Pause is all about breathing. When we use Pause, we support our child to stop and take a slow, deep breath (or 3 or 10). Because oxygen is a gift to the brain and nervous system, it is a very quick and effective way to bring calm to our child’s very emotional brain. Maybe sit down next to your child and get them to copy your nice, long, deep breaths – that way your brain is getting the benefits of oxygen as well!
In getting our children to Reflect, we are supporting them to be curious and ‘visit’ their inner world. The first step is to guide your child to name the emotions they are feeling. If your child struggles to find the ‘emotion words’, be curious and put in a guess or two – they will let you know whether you guessed right or not!
With the second step, we want to show our kids that we understand and accept their emotions. Here it is more about what NOT to do. Avoid second-guessing the emotions they share. No matter how left field, remember that it is their emotion, and therefore very important to them. Simply empathise and let them know that you understand. You could say something like: “I’m sorry you feel so sad. It must be so hard to have such a big feeling.”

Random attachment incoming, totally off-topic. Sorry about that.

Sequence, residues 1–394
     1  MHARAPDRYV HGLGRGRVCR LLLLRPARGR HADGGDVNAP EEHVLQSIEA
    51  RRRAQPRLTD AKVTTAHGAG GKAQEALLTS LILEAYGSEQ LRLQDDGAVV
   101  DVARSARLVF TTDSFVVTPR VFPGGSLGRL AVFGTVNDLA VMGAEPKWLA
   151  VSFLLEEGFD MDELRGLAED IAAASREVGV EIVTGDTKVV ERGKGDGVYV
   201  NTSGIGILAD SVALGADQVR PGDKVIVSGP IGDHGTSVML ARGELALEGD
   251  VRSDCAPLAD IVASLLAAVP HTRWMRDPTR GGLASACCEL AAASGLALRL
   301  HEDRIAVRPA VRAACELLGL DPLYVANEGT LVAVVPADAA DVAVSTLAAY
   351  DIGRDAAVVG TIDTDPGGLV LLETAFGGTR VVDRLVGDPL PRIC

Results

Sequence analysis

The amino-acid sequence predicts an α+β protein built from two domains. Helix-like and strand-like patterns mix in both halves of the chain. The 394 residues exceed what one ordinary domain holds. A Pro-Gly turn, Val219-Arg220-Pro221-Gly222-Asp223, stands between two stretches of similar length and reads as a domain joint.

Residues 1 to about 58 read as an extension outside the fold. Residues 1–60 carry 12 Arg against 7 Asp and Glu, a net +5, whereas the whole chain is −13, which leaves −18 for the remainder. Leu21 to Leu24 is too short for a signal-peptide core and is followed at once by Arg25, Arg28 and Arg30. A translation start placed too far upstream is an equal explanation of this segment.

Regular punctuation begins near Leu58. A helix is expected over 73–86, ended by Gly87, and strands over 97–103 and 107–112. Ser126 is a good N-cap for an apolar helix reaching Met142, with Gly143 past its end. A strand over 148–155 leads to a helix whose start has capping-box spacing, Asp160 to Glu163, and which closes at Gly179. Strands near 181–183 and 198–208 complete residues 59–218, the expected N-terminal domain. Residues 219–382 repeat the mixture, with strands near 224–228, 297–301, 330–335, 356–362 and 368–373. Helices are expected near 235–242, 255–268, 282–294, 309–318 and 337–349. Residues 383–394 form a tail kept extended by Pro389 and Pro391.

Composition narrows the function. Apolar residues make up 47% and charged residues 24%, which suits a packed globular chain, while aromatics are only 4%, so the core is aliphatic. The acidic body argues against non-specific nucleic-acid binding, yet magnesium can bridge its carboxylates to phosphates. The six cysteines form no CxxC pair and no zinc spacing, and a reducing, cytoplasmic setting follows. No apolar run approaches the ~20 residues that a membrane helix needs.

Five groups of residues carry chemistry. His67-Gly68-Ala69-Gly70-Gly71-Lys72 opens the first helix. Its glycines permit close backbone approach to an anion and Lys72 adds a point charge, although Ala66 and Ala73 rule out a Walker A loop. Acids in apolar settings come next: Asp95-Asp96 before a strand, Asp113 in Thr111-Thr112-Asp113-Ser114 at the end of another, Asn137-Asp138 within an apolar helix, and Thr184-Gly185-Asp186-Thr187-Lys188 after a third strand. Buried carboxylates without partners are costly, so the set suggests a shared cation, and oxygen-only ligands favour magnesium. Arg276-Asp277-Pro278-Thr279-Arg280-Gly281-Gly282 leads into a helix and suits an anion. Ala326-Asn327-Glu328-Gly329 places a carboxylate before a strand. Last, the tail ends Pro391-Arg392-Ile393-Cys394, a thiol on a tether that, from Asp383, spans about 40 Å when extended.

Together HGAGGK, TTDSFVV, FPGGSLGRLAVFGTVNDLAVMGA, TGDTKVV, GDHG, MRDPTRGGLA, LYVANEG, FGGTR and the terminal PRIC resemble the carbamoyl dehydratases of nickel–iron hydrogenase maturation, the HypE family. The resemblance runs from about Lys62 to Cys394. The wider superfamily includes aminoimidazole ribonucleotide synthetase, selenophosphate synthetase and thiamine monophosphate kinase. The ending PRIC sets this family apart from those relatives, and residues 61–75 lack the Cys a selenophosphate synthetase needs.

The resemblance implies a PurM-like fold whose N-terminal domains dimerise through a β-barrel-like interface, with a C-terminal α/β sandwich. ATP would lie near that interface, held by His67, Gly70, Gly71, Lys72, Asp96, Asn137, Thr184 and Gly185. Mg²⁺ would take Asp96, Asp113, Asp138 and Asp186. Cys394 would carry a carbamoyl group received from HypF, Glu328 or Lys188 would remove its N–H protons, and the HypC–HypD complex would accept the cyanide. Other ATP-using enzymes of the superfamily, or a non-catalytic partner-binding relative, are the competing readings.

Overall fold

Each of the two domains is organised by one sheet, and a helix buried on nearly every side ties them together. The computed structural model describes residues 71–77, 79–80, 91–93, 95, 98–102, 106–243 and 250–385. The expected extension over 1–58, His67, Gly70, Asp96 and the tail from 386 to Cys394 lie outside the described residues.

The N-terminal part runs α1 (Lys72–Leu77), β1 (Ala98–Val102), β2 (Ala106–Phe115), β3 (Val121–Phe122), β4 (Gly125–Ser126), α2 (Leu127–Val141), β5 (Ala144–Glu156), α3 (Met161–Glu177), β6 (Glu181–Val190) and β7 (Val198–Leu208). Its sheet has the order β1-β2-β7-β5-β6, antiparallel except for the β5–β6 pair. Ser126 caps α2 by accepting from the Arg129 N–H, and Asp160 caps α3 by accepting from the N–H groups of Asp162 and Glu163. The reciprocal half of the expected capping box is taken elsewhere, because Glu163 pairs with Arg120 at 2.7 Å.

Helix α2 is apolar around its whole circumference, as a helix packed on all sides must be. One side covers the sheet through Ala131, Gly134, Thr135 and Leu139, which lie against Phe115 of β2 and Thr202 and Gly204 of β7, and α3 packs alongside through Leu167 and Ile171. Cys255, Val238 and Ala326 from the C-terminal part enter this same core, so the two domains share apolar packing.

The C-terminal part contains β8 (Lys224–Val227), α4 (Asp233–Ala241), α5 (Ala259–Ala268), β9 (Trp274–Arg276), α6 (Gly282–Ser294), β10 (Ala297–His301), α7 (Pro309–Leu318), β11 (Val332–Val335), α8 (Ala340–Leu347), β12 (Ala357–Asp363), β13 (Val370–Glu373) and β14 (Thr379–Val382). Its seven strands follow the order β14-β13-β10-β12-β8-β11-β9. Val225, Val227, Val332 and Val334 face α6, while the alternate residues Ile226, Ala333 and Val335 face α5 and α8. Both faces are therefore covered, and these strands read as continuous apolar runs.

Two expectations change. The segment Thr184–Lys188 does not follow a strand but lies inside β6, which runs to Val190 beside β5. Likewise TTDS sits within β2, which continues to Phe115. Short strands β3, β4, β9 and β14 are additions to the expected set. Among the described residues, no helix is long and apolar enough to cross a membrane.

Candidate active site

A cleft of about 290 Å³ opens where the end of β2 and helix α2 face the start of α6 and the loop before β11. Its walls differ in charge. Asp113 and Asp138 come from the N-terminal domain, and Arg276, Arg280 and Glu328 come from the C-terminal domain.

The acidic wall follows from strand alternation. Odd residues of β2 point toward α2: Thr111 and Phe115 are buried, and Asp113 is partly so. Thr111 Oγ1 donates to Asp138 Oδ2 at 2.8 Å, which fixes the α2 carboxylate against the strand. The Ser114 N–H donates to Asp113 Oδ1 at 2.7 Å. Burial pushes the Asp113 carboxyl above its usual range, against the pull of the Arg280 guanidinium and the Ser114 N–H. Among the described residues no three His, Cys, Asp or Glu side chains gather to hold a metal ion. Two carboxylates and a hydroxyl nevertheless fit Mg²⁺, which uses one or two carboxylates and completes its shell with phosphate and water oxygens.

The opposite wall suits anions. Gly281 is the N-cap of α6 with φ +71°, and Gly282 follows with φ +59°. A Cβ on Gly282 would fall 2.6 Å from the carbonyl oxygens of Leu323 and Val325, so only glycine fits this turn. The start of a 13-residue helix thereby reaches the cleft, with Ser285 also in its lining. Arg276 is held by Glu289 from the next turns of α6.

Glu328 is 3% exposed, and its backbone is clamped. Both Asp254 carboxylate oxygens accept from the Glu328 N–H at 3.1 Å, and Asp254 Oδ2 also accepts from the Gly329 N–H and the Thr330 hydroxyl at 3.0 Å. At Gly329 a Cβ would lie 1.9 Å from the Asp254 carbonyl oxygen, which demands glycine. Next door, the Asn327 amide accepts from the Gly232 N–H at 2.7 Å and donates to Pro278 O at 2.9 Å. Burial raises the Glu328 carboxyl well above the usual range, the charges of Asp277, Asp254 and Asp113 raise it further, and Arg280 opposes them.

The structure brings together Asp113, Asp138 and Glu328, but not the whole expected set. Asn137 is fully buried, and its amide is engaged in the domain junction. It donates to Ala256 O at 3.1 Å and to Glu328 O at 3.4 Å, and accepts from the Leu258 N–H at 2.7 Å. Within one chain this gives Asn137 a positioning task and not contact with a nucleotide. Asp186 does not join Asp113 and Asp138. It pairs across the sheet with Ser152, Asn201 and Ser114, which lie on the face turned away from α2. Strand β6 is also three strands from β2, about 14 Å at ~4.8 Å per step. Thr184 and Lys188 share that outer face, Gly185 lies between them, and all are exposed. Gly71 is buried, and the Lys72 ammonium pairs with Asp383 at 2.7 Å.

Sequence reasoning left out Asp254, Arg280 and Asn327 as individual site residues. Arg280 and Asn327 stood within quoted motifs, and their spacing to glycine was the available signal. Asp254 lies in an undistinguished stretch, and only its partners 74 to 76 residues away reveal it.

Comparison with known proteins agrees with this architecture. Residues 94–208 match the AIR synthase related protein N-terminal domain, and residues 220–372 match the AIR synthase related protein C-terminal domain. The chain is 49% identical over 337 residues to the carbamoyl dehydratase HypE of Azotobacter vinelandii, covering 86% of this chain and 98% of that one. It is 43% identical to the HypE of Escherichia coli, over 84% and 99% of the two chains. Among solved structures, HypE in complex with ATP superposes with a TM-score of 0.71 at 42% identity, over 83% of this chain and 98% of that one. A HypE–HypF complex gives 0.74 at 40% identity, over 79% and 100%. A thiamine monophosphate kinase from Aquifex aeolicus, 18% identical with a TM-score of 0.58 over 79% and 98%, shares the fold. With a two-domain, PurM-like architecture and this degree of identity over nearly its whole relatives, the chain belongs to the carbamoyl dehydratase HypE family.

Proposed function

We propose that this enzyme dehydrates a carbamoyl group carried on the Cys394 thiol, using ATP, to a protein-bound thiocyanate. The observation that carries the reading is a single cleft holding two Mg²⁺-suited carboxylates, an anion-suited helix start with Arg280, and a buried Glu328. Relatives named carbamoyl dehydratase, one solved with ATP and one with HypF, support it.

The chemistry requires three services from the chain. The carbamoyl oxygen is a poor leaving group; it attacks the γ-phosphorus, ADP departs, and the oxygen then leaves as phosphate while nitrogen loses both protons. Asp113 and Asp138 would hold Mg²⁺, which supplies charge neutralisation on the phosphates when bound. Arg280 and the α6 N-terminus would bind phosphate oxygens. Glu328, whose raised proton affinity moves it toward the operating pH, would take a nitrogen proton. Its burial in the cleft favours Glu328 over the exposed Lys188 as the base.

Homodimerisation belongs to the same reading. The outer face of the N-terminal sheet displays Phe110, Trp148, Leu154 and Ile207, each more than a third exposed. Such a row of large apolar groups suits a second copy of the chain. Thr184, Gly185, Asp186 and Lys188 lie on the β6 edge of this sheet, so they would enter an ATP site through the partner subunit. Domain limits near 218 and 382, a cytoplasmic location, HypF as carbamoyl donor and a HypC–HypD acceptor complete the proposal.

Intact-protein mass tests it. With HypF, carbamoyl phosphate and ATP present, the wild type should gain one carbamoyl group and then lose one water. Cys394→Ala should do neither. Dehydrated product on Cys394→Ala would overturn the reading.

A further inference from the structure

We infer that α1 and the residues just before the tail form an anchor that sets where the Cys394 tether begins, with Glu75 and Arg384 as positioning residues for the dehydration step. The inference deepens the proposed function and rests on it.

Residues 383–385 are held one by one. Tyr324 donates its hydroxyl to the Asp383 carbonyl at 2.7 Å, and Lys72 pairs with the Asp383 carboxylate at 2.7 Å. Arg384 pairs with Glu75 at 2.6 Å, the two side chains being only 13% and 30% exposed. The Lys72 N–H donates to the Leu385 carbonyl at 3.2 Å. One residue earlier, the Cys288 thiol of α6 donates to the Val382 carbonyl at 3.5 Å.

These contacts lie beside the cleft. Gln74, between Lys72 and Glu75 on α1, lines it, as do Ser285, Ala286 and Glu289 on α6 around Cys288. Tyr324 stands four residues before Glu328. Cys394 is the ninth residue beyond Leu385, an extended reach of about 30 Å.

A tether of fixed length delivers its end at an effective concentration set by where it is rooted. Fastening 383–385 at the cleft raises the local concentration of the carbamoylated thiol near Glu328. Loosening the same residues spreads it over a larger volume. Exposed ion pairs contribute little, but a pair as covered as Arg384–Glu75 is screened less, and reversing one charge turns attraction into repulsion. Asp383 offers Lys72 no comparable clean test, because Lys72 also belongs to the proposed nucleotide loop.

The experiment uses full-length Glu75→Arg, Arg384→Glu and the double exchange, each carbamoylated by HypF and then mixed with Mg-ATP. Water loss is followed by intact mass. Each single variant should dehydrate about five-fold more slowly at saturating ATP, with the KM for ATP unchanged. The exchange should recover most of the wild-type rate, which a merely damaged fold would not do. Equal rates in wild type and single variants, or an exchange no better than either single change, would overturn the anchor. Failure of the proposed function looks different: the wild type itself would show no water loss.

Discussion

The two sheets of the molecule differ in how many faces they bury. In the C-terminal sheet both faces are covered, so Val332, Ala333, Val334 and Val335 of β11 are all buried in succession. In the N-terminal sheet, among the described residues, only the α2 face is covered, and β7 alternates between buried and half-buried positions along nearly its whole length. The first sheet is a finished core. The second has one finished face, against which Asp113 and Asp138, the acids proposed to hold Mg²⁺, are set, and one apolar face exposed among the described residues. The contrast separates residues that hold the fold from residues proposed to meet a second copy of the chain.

Thirdly, explore with your child why they may be feeling that way. Although you may have a very strong idea about why your child is angry, frustrated or disappointed, your child may not. This is a great opportunity to show them how to be curious about their inner world. Use phrases such as:
“I’m wondering whether you’re feeling so angry because….”
“I guess I would feel sad too if…”
This will get your child thinking about how what is happening around them can influence their thoughts and feelings. Remember, it is a brave thing for our children when they face up to their big emotions so try to stay understanding, empathetic and compassionate throughout.